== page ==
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Mr. Leech: To ask the Secretary of State for Communities and Local Government what representations the Government has received on the activities of (a) The Friends of the Western Buddhist Order, (b) The New Kadampa Tradition and (c) Soka Gakkai International; and when such representations were received. 
Mr. Dhanda: Communities and Local Government has received correspondence from a member of the public regarding the alleged cultish behaviour of the Friends of the Western Buddhist Order, New Kadampa Tradition and Soka Gakkai International, and the recommendation of funding to these organisations under Round 2 of the Faith Communities Capacity Building Fund. This representation was received on 1 May 2007. As far as we are aware, no other representation has been received.
Grant Shapps: To ask the Secretary of State for Communities and Local Government who the members are of the Stakeholder Advisory Panel on home buying and selling; and what criteria were used to appoint its members. 
Yvette Cooper (chair CLG)
Mike Ockenden (AHIPP)
Peter Bollon-King (NAEA)
Nick Stace (Which?)
Fiona Hoyle (CoPSO)
Michael Coogan (CML)
Simon McWhirter (WWF)
Jeremy Leaf (RICS)
Ted Beardsall (Land Registry)
Paul Marsh (Law Society)
Heather Clayton (OFT)
David Saunders (BERR)
Matthew Symes (Non-executive director)
Jeremy Stanyard (Non-executive director)
Mrs. Lait: To ask the Secretary of State for Communities and Local Government how many councils she expects to be permitted to move ahead with a unitary bid in the initial stage following the prioritisation process outlined in the latest consultation paper on unitary bids. 
Ann Keen: 36-month breast cancer screening interval rates for England and Leeds Wakefield and Bradford Pennine, the two screening centres which cover West Yorkshire, are shown in the following table. 38-month interval rates are also given as an indicator of how close intervals are to the national standard of 36 months. Figures are not available for Wakefield alone.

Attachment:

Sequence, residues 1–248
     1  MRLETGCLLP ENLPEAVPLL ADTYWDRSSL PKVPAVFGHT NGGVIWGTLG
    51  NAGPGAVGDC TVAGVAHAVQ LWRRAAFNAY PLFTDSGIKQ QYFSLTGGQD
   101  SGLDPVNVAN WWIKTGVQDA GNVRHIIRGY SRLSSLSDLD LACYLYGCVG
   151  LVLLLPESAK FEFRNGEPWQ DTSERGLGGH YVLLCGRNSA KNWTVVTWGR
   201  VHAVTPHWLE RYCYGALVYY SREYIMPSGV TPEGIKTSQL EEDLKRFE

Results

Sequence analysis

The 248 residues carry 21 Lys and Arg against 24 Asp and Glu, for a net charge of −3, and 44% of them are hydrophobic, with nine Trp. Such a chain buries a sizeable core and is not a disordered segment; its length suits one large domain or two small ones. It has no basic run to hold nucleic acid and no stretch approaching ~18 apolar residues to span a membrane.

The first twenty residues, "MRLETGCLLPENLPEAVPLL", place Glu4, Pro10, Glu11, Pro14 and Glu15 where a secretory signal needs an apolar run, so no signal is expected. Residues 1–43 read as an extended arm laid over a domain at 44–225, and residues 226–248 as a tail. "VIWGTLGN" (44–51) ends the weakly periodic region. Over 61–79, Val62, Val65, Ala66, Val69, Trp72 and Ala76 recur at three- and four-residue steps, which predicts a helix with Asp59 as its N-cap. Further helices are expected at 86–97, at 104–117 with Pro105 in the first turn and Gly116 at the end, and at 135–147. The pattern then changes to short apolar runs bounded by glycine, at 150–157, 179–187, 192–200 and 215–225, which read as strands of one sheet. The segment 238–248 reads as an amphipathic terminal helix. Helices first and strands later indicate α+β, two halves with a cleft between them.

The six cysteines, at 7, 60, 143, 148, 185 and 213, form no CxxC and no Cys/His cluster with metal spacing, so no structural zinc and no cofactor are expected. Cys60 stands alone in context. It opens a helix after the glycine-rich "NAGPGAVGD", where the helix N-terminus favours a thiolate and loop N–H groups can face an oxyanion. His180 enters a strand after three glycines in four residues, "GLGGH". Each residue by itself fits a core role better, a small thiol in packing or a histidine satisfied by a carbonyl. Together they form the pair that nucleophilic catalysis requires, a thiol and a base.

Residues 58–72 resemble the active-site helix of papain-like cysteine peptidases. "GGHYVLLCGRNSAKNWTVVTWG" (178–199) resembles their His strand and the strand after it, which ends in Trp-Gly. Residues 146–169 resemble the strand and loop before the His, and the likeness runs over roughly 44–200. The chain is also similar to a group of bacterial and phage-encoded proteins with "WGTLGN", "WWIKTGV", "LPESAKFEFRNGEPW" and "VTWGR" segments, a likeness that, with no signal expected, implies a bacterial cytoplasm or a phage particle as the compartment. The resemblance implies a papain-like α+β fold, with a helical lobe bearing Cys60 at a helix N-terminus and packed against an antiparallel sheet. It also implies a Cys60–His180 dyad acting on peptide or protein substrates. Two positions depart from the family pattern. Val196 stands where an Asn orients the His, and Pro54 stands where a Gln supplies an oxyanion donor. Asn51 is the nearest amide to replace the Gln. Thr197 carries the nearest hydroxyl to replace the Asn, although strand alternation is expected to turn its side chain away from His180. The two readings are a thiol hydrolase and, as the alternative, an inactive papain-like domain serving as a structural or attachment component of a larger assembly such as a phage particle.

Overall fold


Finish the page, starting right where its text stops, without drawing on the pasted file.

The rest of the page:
|36 month breast cancer screening interval rateApril to June 2007||38 month breast cancer screening interval rateApril to June 2007|
NHS Cancer Screening Programme
The Government take the issue of the 36-month standard between screens very seriously and that is why Professor Mike Richards, the National Cancer Director, wrote to the chief executives of all 10 strategic health authorities in England on 9 February 2007 highlighting the importance of maintaining the 36-month interval.
Mr. Burns: To ask the Secretary of State for Health how many representations the Department received (a) supporting and (b) against the Broomfield private finance initiative scheme; what meetings were organised on this scheme and with whom; and what other consultation was conducted and what the balance of opinion was arising therefrom. 
Mr. Bradshaw [holding answer 8 October 2007]: The former Minister of State (Andy Burnham), met with the hon. Members for West Chelmsford (Mr. Burns), Maldon and East Chelmsford (Mr. Whittingdale), the right hon. Member for Saffron Walden (Sir Alan Haselhurst), the hon. Member for Braintree (Mr. Newmark), Chair of the Trust David Bullock, Chief Executive of the Trust Andrew Pike, Helen Davis (from the strategic health authority (SHA)) and Peter Coates, Deputy Director of Finance-Investment, from the Department on Monday 20 November 2006 to discuss progress of the Broomfield private finance initiative scheme.